Definition of Hackberry

1. Noun. Any of various trees of the genus Celtis having inconspicuous flowers and small berrylike fruits.




2. Noun. Small edible dark purple to black berry with large pits; southern United States.
Exact synonyms: Sugarberry
Generic synonyms: Berry

Definition of Hackberry

1. n. A genus of trees (Celtis) related to the elm, but bearing drupes with scanty, but often edible, pulp. C. occidentalis is common in the Eastern United States.

Definition of Hackberry

1. Noun. Any of several small shrubs or trees of the genus ''Celtis'', having small fruit. ¹

2. Noun. The purple-black fruit of such plants. ¹

3. Noun. The soft wood of such plants. ¹

¹ Source: wiktionary.com

Definition of Hackberry

1. [n -RIES]

Medical Definition of Hackberry

1. A genus of trees (Celtis) related to the elm, but bearing drupes with scanty, but often edible, pulp. C. Occidentalis is common in the Eastern United States. Source: Websters Dictionary (01 Mar 1998)

Hackberry Pictures

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Lexicographical Neighbors of Hackberry

hack on
hack saw
hack saws
hack squat
hack squats
hack writer
hackability
hackable
hackamore
hackamores
hackaround
hackarounds
hackathon
hackathons
hackberries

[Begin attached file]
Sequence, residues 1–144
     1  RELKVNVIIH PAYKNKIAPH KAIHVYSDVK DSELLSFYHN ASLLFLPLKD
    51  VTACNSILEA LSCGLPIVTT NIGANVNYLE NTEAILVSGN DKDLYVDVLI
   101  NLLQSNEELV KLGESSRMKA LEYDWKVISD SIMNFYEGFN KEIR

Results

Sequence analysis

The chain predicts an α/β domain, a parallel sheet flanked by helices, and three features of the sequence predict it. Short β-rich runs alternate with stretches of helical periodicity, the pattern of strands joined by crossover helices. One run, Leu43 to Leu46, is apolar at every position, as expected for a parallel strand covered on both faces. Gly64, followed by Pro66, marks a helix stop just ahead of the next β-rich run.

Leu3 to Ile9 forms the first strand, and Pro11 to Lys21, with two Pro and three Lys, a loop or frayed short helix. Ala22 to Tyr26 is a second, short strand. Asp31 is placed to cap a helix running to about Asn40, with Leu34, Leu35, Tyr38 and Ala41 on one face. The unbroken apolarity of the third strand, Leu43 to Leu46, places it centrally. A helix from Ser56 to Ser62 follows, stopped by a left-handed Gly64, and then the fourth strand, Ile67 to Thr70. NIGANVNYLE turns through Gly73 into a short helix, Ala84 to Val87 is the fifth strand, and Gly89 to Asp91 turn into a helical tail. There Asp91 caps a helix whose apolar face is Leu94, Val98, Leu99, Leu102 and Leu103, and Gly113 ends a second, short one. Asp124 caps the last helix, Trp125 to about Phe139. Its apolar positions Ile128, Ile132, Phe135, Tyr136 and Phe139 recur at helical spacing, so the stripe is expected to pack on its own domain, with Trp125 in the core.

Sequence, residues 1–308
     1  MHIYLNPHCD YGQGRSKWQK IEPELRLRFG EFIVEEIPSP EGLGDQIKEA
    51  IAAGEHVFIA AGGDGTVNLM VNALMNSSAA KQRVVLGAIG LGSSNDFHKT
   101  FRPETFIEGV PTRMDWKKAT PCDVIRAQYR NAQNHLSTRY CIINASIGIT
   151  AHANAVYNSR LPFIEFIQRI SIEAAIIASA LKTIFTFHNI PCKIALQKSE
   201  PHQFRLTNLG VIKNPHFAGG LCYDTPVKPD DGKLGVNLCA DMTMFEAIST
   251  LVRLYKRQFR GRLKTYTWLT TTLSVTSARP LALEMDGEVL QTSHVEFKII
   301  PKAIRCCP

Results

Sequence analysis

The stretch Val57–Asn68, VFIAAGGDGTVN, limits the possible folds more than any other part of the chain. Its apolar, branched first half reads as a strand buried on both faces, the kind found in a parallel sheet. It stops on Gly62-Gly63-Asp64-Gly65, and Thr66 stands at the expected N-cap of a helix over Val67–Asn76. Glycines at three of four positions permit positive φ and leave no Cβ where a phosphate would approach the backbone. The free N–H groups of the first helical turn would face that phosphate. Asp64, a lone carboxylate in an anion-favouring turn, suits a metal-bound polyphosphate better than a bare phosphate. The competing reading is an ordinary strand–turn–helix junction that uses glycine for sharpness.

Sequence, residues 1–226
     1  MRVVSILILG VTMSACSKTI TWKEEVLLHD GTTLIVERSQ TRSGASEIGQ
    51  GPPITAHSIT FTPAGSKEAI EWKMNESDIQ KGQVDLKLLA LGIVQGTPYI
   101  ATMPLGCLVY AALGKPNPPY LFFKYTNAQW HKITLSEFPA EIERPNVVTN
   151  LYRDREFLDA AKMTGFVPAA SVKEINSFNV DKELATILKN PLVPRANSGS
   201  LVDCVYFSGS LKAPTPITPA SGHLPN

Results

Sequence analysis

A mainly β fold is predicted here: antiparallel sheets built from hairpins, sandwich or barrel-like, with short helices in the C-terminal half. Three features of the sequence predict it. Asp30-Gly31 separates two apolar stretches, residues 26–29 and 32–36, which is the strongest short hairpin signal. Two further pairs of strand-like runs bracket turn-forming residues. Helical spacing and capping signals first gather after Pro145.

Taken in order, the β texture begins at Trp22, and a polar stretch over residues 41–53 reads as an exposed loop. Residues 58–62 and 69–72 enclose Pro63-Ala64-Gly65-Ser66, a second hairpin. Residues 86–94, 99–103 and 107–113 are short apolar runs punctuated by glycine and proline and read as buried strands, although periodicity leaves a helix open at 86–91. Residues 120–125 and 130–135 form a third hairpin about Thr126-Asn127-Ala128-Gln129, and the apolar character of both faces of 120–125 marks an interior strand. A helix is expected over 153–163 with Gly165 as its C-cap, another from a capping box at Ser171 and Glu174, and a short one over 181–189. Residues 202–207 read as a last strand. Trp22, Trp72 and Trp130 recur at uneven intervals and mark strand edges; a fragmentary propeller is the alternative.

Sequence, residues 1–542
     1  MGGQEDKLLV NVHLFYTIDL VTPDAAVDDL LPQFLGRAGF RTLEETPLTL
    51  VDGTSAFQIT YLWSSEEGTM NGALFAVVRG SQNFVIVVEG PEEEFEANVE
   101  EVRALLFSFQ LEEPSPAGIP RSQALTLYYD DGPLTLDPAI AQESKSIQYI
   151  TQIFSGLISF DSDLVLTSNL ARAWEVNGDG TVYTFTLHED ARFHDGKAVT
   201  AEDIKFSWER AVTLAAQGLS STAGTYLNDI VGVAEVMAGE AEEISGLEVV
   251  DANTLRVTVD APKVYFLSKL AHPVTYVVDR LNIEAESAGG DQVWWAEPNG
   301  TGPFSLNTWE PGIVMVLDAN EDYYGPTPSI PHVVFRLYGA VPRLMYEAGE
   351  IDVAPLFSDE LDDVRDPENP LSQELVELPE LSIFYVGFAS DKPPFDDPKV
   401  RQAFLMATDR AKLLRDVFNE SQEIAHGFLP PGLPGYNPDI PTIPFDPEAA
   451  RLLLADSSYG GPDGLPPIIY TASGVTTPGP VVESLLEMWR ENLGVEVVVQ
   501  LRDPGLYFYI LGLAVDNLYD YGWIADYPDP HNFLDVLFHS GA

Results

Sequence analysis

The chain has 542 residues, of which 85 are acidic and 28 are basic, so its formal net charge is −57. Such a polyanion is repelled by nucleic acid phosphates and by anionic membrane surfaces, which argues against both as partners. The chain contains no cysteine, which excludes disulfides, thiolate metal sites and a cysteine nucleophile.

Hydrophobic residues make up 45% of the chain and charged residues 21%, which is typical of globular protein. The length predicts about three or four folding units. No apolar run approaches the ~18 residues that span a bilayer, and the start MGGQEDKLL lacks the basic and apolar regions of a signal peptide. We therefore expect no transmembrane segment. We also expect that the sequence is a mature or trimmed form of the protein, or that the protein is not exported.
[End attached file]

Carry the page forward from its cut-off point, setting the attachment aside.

hackberry (current term)
hackbolt
hackbolts
hackbuss
hackbusses
hackbut
hackbuts
hacked
hacked it
hackee
hackees
hacker
hackerdom
hackeries
hackerish

Literary usage of Hackberry

Below you will find example usage of this term as found in modern and/or classical literature:

1. Manual of Tree Diseases by William Howard Rankin (1918)
"CHAPTER XIX hackberry DISEASES Two species of hackberry (Celtis) occur in eastern and central United States. These trees are not important forest species ..."

2. The New American Cyclopaedia: A Popular Dictionary of General Knowledge by George Ripley (1859)
"In thickets on river banks the hackberry runs up into a tall bush. ... In rich soils the hackberry becomes a beautiful tree. ..."

3. Studies of Trees in Winter: A Description of the Deciduous Trees of by Annie Oakes Huntington (1902)
"Two genera, the elm ( Ulmus) and the hackberry (Celtis\ are found in the Northeastern States. The elms are remarkable for the massive strength of their ..."

4. The American Cyclopædia: A Popular Dictionary of General Knowledge by Charles Anderson Dana (1874)
"hackberry (celtis occidental!*), the popular name of a tree belonging to the ... The hackberry is found as a small straggling bush, and as a medium-sized or ..."

5. Trees and Tree-planting by James Sanks Brisbin (1888)
"THE hackberry. Its Attainable Height and Size. ... THE hackberry. THIS tree, which rises to the height of from eighty to ninety feet, with a diameter of ..."

6. Handbook of Nature Study: For Teachers and Pupils in Elementary Schools by Dietrich Lange (1898)
"hackberry flowers. Sterile and fertile flowers on the same tree ; stamens and greenish ... hackberry. Twig with fruit and leaves, red uced; to the left, ..."

7. Pennsylvania Trees by Joseph Simon Illick, Pennsylvania Dept. of Forestry (1914)
"hackberry. 2. A staminate flower, enlarged. 1. Branch with immature leaves, staminate and pistillate flowers, x i. 3. A pistillate flower, enlarged. 4. ..."

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